Design & UX

Design Quotes As Principles (Part 2)

Introduction

Adriaan Fenwick

Adriaan Fenwick

I speak human. Helping man and machine get better acquainted through methods and principles of design. Designer @ Atlassian and aspiring mountain goat. Views & opinions on here are my own.


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Design Principles

Design Quotes As Principles (Part 2)

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There’s a lot of focus recently on the value of design at companies, from start-up’s to large corporates, and how a design culture and a design process can help companies innovate and solve real problems. The thing is though…people don’t realise just how challenging it can be to get this “design thing” right.

Following on from part 1, where I shared two principles that played a big role in my life as a designer, it seemed fitting that I shared principles that I think can help you get this “design thing” right. I’m not going to try to tell you how to get it right – I simply hope you will feel inspired by these quotes/principles to make better design decisions.

Good design is obvious. Great design is transparent.

When you work with UI design for years you are bound to hear phrases like “good design gets out of the way” or “the user interface needs to be invisible“. Simple concepts, but oh so difficult to achieve when we get seduced (and fall in love) with our own beautiful creations…

Who wouldn’t want to see our freakishly awesome hot sexy flash animation intro? (ugh, remember those); or the fact that our agency has won all the ‘design’ awards? … right??

We’re sometimes our own worse enemy when it comes to design, especially when designing for our own pleasure. We need to be able to objectively judge what we are creating to ensure that it serves the intended purpose. By being true to this principle we can evaluate ourselves in making sure that we’re not creating art or beauty, but rather that the design serves a purpose…aka form follows function.

Good design is obvious. Great design is transparent.
– Joe Sparano

On the other hand we also need to be careful of not making the design too invisible to the point where it becomes confusing or that people aren’t able to discover it: like the famous hamburger menu icon debacle. The same applies when designing subtle animated interactions in making sure that they don’t distract the person using your product, but rather serve a purpose – e.g. an object communicating its state has changed when an action is performed with it.

Good design is as little design as possible.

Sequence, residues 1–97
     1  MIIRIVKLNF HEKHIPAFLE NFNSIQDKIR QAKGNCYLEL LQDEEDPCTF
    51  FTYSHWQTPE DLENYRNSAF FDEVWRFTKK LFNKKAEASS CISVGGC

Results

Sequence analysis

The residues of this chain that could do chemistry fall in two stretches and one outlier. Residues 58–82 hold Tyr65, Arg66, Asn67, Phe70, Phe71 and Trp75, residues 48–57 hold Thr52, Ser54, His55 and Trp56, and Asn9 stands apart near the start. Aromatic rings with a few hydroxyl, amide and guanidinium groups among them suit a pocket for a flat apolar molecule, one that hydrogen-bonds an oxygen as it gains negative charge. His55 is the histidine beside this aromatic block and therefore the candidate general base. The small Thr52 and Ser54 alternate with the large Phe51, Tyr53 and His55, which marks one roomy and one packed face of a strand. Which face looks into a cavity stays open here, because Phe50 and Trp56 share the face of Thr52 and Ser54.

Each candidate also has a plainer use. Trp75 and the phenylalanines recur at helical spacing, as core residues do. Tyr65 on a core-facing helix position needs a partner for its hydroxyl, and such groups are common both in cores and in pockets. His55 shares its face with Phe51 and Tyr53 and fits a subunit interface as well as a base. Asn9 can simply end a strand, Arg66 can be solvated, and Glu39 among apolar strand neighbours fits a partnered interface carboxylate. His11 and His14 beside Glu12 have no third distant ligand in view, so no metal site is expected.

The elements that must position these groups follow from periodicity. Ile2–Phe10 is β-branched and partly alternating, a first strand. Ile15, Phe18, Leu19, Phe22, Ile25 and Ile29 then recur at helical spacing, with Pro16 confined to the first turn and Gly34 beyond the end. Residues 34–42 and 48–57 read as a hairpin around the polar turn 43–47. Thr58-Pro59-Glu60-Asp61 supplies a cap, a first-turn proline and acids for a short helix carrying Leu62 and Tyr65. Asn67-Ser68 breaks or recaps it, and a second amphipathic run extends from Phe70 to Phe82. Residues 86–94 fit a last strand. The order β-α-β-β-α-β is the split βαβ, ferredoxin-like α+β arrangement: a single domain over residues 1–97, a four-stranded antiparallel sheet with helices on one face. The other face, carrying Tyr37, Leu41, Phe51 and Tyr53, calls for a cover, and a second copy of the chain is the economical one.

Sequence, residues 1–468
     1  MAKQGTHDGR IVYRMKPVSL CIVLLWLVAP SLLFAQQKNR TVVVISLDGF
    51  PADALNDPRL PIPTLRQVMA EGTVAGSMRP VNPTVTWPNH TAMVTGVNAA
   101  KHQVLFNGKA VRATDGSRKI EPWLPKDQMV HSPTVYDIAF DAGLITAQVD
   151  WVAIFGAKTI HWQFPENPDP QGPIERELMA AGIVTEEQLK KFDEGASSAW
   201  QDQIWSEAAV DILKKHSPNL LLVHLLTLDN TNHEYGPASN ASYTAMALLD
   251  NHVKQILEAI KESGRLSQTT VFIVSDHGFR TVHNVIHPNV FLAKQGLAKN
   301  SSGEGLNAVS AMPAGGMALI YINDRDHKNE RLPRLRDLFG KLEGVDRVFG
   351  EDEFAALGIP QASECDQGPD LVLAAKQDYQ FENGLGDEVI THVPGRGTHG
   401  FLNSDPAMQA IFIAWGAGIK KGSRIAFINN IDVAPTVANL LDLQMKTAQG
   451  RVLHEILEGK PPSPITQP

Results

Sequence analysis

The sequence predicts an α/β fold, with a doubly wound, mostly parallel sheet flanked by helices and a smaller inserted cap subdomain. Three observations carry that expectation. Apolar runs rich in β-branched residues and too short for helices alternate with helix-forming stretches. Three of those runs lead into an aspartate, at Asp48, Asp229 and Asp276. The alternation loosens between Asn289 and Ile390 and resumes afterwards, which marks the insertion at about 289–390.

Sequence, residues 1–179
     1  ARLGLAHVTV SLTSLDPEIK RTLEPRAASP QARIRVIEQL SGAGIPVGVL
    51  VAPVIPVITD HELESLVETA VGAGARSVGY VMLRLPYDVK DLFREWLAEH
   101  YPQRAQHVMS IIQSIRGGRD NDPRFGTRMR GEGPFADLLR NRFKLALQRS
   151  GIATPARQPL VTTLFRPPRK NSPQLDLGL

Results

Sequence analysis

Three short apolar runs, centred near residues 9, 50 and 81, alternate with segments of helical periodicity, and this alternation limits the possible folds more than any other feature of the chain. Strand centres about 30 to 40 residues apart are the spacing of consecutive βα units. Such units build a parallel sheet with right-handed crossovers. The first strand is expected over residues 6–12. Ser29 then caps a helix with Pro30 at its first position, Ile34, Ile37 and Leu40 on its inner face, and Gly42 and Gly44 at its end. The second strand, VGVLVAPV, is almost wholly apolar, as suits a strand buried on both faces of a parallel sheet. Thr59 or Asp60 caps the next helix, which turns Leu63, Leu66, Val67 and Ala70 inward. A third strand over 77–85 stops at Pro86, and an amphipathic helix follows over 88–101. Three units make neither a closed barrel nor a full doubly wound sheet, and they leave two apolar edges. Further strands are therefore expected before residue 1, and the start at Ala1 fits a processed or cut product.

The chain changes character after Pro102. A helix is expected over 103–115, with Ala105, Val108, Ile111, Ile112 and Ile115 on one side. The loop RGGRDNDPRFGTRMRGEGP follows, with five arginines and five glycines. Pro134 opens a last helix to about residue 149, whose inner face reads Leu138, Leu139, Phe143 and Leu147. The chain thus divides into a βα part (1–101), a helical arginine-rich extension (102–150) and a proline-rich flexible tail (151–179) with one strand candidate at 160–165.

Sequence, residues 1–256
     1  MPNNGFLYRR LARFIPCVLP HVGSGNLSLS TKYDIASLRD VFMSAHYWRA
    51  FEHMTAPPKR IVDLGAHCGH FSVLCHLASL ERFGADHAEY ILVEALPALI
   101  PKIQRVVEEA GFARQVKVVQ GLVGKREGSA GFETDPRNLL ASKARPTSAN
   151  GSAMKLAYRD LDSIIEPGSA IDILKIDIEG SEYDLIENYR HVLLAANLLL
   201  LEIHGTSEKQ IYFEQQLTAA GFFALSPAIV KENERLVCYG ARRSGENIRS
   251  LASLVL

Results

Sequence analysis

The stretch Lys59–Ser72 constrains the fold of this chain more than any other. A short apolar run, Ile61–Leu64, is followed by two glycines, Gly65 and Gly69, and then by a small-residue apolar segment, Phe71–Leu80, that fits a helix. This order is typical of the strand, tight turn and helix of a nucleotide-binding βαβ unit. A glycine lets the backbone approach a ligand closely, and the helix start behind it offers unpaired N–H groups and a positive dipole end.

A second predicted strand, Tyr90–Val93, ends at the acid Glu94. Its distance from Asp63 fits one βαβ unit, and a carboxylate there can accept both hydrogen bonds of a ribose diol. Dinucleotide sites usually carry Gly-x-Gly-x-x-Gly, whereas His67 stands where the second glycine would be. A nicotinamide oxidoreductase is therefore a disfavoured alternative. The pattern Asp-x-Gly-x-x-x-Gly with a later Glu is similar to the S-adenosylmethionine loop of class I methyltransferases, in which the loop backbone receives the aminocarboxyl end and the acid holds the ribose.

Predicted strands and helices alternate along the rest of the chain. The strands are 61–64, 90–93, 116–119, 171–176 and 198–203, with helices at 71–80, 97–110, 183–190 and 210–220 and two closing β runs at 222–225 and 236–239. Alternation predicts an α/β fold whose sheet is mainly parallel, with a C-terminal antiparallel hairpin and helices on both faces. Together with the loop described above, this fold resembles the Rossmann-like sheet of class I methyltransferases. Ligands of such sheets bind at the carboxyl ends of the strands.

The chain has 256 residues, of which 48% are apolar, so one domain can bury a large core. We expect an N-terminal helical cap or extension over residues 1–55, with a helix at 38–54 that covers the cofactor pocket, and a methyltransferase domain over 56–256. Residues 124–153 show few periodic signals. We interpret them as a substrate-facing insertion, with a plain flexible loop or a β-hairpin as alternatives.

The next principle impacts the previous principle in achieving invisible design. Again, I think we need to be aware of our own biases where we love creating things. This becomes even harder when we get encouraged by product managers and clients who also want more features.

As before, we need to continuously ask ourselves if the information and elements we are designing really need to be there in the first place – and – if those features solve a real problem.

Good design is as little design as possible.
– Dieter Rams

Many years ago I attended my first UX meetup in Cape Town where Phil Barrett (@philbuktoo) was speaking at the event about loss aversion and the Ikea effect (check out his slides). He said that we need to remember that when we remove features (complexity) from our products, we gain simplicity (good design). That resonated with me A LOT over the years and it emphasises the point of how important this principle is.

Simple is hard. Easy is harder. Invisible is hardest.

This principle is stating the obvious (but an important obvious worth reflecting on): Design isn’t easy and it shouldn’t be; it shouldn’t be seen as a quick fix or an added service on top of development.

Simple is hard. Easy is harder. Invisible is hardest.
– Jean-Louis Gassée

By breaking design into these three statements you can start to understand the value of what a good design process (such as UCD) brings to a product. By investing in a design process you can start to create something for people that is simple to use, easy to understand and doesn’t get in the way of what their trying to do.

Everything is designed. Few things are designed well.

If you haven’t read Don Norman’s book yet – The Design of Everyday Things – stop everything; stop reading this; go get the book and it read it!! (Yes, it really is that important and that good).

designofeverydaythings

The Design of Everyday Things, by Donald A. Norman

In the book he looks at all the objects around us in the world and he shares how he thinks about these objects in terms of how well or not-so-well they are designed.

Everything is designed. Few things are designed well.
– Brian Reed

We can’t control how everything is designed in the world around us, but we can start by making sure that the things that we DO design – is designed well.

Math is easy; design is hard.

I know I’m going to get abused for adding this one 😉 but the point is important, in case you didn’t know it already…

Math is easy; design is hard.
– Jeffrey Veen

Conclusion

Design is hard. Deal with it. Love it. Fall in love with it. Work through it and use a design process that fits with your team and product. You won’t be sorry!

Further reading:

Design Quotes As Principles – Part 1
Design Quotes As Principles – Part 2
Design Quotes As Principles – Part 3

Don Norman, The Design of Everyday Things
Phil Barrett, You’re irrational: Tips for designers, developers and business owners

Adriaan Fenwick

Adriaan Fenwick

I speak human. Helping man and machine get better acquainted through methods and principles of design. Designer @ Atlassian and aspiring mountain goat. Views & opinions on here are my own.

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